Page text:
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Re, type localities and distributions of species

JAMES BLAKE jablake at ix.netcom.com
Tue Dec 5 00:08:23 EST 1995

Dear annelid enthusiasts, 

The recent exchange of information about Sabella spallanzanii opens an 
interesting area of discussion, namely that of the importance of type 
localities for species that have become widely distributed due to man's 
activities.  The question might be raised as to what importance is the 
type locality, other than than the source of the original material, for 
a species that has been widely dispersed in ballast water, mud 
adhereing to seed oysters, or attached to a growth on a ship's hull? I 
suppose I could ask the question--Who cares about the type locality?  
Of what importance is such information?  

There are several examples where knowledge of the type locality has 
actually become misleading in understanding the origins of species or 
species groups.  In San Francisco Bay, there are essentially no 
endemics; virtually all of the fauna has been introduced in some 
manner.  There are quite a few examples of invertebrates that have 
species epithets of "californiensis" or "franciscanus" that were 
introduced into San Francisco Bay from some exotic locality.  In some 
instances, the origin of such species is still not known.  Jim Carlton 
has pointed out that the homeland of the isopod, Synidotea laticauda,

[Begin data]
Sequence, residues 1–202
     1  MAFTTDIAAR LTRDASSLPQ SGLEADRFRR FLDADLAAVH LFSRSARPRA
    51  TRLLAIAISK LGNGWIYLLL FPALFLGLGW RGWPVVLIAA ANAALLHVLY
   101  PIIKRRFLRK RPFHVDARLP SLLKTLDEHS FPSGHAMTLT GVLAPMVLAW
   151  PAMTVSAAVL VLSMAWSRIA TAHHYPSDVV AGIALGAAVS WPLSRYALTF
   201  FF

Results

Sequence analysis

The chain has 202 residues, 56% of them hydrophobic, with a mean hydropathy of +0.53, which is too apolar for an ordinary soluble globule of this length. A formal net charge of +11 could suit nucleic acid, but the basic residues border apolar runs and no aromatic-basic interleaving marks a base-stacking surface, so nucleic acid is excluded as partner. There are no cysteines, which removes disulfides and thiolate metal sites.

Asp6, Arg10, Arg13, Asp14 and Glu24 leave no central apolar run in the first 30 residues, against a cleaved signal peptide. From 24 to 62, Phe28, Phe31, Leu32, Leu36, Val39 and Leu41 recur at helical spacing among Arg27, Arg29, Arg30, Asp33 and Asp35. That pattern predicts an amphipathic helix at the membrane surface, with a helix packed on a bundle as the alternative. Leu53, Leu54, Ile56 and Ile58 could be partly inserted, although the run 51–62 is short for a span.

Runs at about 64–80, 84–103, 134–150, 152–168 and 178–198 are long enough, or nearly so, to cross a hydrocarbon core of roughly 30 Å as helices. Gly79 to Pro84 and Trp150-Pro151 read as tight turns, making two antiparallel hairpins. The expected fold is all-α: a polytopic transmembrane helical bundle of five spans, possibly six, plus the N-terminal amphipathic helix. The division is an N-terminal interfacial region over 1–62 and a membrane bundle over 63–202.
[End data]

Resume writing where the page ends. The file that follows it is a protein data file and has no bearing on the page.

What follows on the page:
originally described from SF Bay, is still unknown.  In Tomales Bay, 
both of the spionids, Pseudopolydora kempi (Southern) and P. 
paucibranchiata (Okuda) were introduced sometime in the late 1960's or 
early 1970's via seed spat of the Pacific Oyster imported from Japan.  
Seed oysters contain considerable mud packed between shells and when 
laid out on tidal flats there is nothing to prevent small worms and 
other invertebrates from staking out their own territories.  I suspect 
that quite few of the nereids, syllids, and other polychaetes common in 
Tomales Bay and other estuarine environments of California have 
probably been introduced (and are still being introduced) into these 
waters.  Any species (adults or larvae of same) that is euryhaline 
should have some chance of surviving in ballast water shipments as Jim 
Carlton has so convincingly demonstrated in his experiements. 

So, I ask the question as to what importance is the type locality in 
understanding a species, if it has been moved around from place to 
place and the actual area of the world where it originated is somewhere 
quite different?  

I recall a conversation I once had with a colleague who refused to 
accept an identification I had made because the type locality was 
somewhere far distant from where the specimens being identified were 
collected.  When I asked the question as to what the type locality had 
to do with the distribution of a species, I was met with a very puzzled 
look.  The answer was something like, "Why, that is where it is from."  
I think you see the point, namely that type localities are only the 
places where the animals were first collected, not necessarily where 
they are most common or where they originated.  

Does anyone out there have any comment on this issue or examples of 
species that have obviously been moved around by ships or other means?  

Jim Blake
89 Water Street
Woods Hole, MA 02543
(jablake at ix.netcom.com)

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